She boarded the Chandigarh to Delhi bus with three small kids, the smallest just a few months old. A man with two bags helped her find a seat on the bus, right in front of us. The women herself was so young, looked just like a teenager. At the most she must have been in her early twenties and yet there were three children with her.
She occupied two of the three seats in front of us and later one guy sat next to the kids. No one else tried to move the children and occupy that seat. Sometime into the journey, the conductor started giving tickets, and he started from the back. We paid for three tickets and told him one of us is sitting in the front (my nephew, Dilip). Then he moved to the row ahead of us.
He advised the young girl to buy two tickets so the kids could travel in some comfort. The girl said she wanted only one ticket and she would take the kids off the seat if someone else wanted the seat. She asked for a ticket to Delhi and gave some money. The conductor shouted “Dilli ka kiraya 135 rupaye hai, 70 nahin!” (A ticket to Delhi costs 135 rupees, not 70). She replied in a barely audible voice, “mere paas itne hi hain” (I have only 70 rupees). The conductor was hassled and said “tum abhi ye paise rakh lo, mein baad mein dekhta hun kya karen, aakhir bacchon ko bhuka nahin maaroge naa” (you keep this money and I will see what I can do, after all you have to feed the kids too). Later he had doubts and said you probably have money and are not giving it? She again stated very quietly that she had no more money. The conductor moved away.
All of us within the earshot were surprised and almost all the eyes were on her. She just kept hers’ down. A few stops later, a ‘branded shirt’ entered the bus. He spotted the children and immediately told the man sitting next to them to move the kids as he wanted the seat. The man told her to ask the lady as they were not with him. ‘Branded shirt’ showed some surprise but asked the girl to take the kids off the seat and took it.
There were a few people standing in the aisle and among them was a young college going couple. The kids being squeezed in one seat started crying one after another. The young college girl brought some fruits and told the other young girl to feed it to the kids. After a while all of them started falling asleep and the girl with the kids was falling on the branded shirt’s shoulders, half occupying his seat.
We were nearing Ambala city now and the conductor came to the girl with the kids. He gave her 20 rupees and said why don’t you get down at Ambala and take a train from there? The girl said yes in a whisper. The ‘branded shirt’ looked jolted! As he had come later, he had no idea of the situation. I was whispering to Sesha that let us her pay for her fare. Before we could do anything, an ‘unbranded shirt’ sitting next to Sesha, took out money and gave it to the conductor asking him to use it for the fare and let the girl and the kids travel. People from behind us also offered to pay for her fare. The conductor returned all the money and just let her travel. A few seconds later, the ‘branded shirt’ quietly got up leaving the seat for the children.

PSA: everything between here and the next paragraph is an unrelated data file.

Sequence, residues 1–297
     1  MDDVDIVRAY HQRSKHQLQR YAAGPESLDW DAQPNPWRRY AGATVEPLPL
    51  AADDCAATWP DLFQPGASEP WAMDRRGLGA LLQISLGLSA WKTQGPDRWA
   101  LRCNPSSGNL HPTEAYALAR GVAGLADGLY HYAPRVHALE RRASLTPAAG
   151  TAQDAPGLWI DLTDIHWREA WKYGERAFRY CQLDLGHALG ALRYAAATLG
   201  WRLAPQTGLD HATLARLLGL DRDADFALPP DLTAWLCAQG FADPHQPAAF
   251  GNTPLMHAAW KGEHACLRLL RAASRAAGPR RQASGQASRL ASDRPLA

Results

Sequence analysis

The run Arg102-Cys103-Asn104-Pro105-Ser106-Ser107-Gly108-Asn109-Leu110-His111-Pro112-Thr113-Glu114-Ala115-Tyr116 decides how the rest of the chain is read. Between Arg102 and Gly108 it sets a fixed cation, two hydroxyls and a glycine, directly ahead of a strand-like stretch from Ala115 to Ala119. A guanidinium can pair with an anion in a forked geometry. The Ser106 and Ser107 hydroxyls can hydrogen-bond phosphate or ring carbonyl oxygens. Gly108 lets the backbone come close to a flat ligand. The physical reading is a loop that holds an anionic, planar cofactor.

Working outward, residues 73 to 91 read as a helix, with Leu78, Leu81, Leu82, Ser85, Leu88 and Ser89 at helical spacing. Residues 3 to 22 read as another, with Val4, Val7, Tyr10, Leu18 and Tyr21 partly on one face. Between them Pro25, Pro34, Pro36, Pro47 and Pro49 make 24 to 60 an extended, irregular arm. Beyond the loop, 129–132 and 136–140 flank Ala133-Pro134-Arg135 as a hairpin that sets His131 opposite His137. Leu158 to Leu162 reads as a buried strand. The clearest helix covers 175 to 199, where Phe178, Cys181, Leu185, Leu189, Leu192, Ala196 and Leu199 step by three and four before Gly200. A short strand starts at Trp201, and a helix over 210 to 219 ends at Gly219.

We stopped at Pipli for dinner. When we all came back, the conductor had brought some food for her and the kids and a bottle of cold water. I heard a lot of laughter while they were having the meal. And of course later, they all promptly fell asleep.
As we were nearing ISBT (New Delhi bus stand) the conductor woke her up saying, “Dilli aane wala hai” (we are nearing Delhi). The two of the youngest kids refused to wake up. When the bus stopped at ISBT, she asked my husband, “Ye bus aage jaayege kya” (Will this bus go further). With a horror it dawned on me that she was probably coming for the first time to Delhi and had no one here. Sesha said, “haan yahi Dilli bus station hai” (yes, this is the Delhi bus stand). She had two bags and three children and looked like a child herself. She forgot something on the seat. The bus stopped and Sesha got down to give it back to her.
A bus full of well meaning people and none of us had a clue as to what more to do. And how damn inadequate our well meaning gestures were. A few minutes later, the bus took a turn near a bridge and under the bridge there were at least 50 people sleeping out in the open.
All of us were quite upset for a few days. We raked our brains as to what should we have done. I was thinking of finding about some NGOs who could be contacted in such a situation. Then when Sesha went to Ujjwal Niketan to teach the violin to the kids, the sister who runs it said we should have given her number to the young girl. I am never going to forget this. And I will often curse myself as to why it didn’t occur to me on my own.